Outside the official program of the Venice Architecture Biennale a new generation of young architects, designers, and researchers offer their own interpretation of ‘free space.’
Last week, just 300 meters from the Russian Pavilion in Giardini, an independent collective launched the Virtual Russian Pavilion, where visitors were invited to see the virtual reality exhibition ‘Free the Space.’
Wearing VR glasses, one could enter the space of a 3D model of Alexei Shchusev’s Russian Pavilion, to discover it placidly empty.
The theme of the 16th Venice Biennale of Architecture chosen by curators Yvonne Farrell and Shelley McNamara is ‘free space.’ In the exhibition’s manifesto they stated that “Free space can be a space for opportunity, a democratic space, un-programmed and free for uses not yet conceived.”
“Why is it free? Because we didn’t ask permission to create it. Why is it open? Because everyone is welcome. Why is it independent? Because we are financed neither by the government, nor by business” – Anton Kalgaev
Responding to this theme, the group 🦁🦄(lion & unicorn) designed their project as “a critical manifesto for a free, independent, and open Russian Pavilion.”
The collective includes architects, designers, and researchers – most of them Strelka alumni. Currently 🦁🦄 consists of Pekka Airaxin, Liza Dorrer, Karina Golubenko, Maria Kachalova, Anton Kalgaev, Maria Kosareva, and Ivan Kuryachiy. Jelena Viskovic, Valtteri Osara, and Vladimir Gontcharov worked together with the group on the project.
The name ‘lion & unicorn’ comes after the two symbols which Alexei Shchusev – the architect of the Russian pavilion in Giardini – placed on the small gates of the building in 1914.
“For more than 100 years, these doors have been opened to the public, while they remain almost closed to generations of architects, artists, and curators,” the group said in their statement.
Speaking at the opening of the exhibition in Parco delle Rimembranze, writer Anton Kalgaev called for a more transparent and clear competition for the Russian Pavilion. Kalgaev was part of the Strelka Institute team which curated the Russian Pavilion during the 2014 Biennale of Architecture.
“The Virtual Russian pavilion is a kind of free, open and independent platform. No one knows how to get into the real Russian pavilion. And it’s very strange to hear it from me, who once got in. We are not quite comfortable with this, and some transparent and clear procedure of getting into the Russian pavilion needs to be created at least virtually,” he said.
‘Free the Space’ was the first show at the virtual pavilion, which will host regular exhibitions in the mediums of virtual and augmented reality. The curatorial concepts and participants of future exhibitions will be selected during an open international competition. The group plans to open the first exhibition, designed in this way, at the Venice Biennale of Architecture in 2020. In the future the public program of the virtual pavilion will also include discussions, publications of articles, and research projects.
“Free, open, and independent – that’s what the Russian virtual pavilion is,” said Kalgaev. “Why is it free? Because we didn’t ask permission to create it. Why is it open? Because everyone is welcome. What will be exhibited there depends on you, and we will provide an opportunity to bring it to life virtually. Why is it independent? Because we are financed neither by the government, nor by business. Our exhibition is a manifesto of a free, open, and independent Russian pavilion.”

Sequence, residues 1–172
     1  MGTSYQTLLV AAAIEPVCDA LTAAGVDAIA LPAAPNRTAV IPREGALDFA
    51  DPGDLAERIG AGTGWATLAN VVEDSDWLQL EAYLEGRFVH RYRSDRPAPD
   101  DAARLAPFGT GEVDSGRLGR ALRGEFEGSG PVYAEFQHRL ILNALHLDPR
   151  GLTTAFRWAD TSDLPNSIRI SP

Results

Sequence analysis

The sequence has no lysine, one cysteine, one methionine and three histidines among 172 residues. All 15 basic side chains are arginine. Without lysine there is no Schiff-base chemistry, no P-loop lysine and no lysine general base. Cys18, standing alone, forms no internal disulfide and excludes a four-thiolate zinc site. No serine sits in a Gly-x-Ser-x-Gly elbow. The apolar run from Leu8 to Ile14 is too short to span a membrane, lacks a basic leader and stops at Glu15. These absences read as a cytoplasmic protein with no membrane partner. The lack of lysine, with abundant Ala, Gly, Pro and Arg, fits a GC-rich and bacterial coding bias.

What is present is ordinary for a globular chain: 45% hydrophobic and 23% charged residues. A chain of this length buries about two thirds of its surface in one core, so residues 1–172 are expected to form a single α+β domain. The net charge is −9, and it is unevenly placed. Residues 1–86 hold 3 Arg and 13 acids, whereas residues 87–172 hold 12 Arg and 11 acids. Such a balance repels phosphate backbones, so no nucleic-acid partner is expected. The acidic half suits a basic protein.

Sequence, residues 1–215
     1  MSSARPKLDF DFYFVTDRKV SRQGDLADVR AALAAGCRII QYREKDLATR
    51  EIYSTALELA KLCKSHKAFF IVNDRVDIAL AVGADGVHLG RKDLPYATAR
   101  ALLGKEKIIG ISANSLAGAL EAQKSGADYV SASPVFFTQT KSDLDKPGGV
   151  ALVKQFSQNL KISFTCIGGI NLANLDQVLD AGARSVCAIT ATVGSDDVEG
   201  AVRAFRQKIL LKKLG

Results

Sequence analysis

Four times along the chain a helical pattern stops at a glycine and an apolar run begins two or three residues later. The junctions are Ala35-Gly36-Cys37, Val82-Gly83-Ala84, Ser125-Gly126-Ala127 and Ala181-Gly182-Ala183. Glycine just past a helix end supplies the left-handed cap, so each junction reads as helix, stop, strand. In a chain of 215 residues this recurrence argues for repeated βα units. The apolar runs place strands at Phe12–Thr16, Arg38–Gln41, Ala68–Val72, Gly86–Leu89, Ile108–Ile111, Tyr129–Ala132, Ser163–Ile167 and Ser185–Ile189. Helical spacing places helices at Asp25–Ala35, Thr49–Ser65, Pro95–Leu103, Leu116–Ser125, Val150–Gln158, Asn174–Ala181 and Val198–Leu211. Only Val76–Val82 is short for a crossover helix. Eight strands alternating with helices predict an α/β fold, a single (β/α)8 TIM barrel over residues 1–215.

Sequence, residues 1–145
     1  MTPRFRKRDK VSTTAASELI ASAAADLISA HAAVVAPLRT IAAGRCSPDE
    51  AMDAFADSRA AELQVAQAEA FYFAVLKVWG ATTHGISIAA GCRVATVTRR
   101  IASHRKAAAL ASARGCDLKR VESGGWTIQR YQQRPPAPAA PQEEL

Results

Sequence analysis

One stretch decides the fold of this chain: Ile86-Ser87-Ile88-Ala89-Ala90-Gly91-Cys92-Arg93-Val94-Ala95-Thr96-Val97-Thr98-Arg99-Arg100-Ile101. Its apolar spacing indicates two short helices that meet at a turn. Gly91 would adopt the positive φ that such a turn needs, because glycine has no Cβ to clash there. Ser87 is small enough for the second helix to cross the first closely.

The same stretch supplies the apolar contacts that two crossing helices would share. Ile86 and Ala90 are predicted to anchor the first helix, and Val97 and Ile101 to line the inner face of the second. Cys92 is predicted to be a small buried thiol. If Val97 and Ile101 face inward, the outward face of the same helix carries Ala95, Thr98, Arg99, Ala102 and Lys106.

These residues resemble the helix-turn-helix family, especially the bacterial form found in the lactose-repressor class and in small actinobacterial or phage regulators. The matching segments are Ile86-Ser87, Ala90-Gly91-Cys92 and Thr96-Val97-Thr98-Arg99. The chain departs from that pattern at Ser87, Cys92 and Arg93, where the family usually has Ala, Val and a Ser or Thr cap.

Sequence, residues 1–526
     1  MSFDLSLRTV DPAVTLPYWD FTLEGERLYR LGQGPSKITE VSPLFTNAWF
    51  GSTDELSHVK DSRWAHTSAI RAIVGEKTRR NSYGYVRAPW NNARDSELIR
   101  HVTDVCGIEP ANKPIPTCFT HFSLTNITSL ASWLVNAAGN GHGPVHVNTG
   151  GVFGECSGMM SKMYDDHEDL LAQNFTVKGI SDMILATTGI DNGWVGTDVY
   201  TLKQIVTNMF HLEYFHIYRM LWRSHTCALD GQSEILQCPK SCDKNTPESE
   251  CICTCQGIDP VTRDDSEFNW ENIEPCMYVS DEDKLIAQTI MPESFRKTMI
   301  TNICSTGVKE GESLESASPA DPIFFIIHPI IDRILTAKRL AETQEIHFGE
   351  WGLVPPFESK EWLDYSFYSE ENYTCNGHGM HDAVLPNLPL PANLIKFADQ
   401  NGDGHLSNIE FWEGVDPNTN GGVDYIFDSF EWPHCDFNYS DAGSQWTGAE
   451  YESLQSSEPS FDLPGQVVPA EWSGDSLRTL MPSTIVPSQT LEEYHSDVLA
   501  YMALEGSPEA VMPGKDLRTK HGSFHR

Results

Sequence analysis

“It is like paper architecture, just made of binary digits” – Liza Dorrer
‘Free the Space’ leaves the visitor one on one with the emptiness and freedom of the pavilion’s space, Kalgaev told Strelka Mag. “But what attracted us was not the emptiness per se, but the opportunity to show the pavilion as seen by a person working on an exhibition inside of it.”
“When we worked on our project for the 2014 Biennale I was absolutely enchanted by this space. But now the people who had been in the pavilion several times could not recognize it when entering it alone and seeing it empty. So we invited them inside to feel free to fill the space.”
The original idea of the alternative pavilion belongs to architect Liza Dorrer, an alumna of Strelka’s The New Normal design think-tank.
“We architects move to the digital space because currently it is the freest space. It is like paper architecture, just made of binary digits,” she told Strelka Mag.
Free Rest Space
On the same day, just a few meters away from the site of the virtual pavilion on the embankment of Viale Vittorio Veneto, Moscow-based architect Alexander Shtanuk presented his installation ‘Free Rest Space,’ which addresses the problem of overbooking and overcrowding in Venice.
A long row of 20 Soviet-style folding beds brought from Russia were installed along the embankment facing the Venetian sunset and inviting passersby to lie down and enjoy the view.
“Every time a Biennale takes place in Venice, there is no place to stay – all accommodation is fully booked,” Shtanuk said. “So these folding beds offer a free space to everyone who wants to rest or sleep.”
Following the opening of the exhibition, some of the folding beds were given away to locals, “so that part of 'Free Rest Space' would remain in Venice,” he added.
Shtanuk, who was born in Minsk, said his installation was also a nod to his Belarusian heritage. He presented ‘Free Rest Space’ as the first Belarusian Pavilion at the Venice Biennale of Architecture.
Photos: Timur Zolotoev
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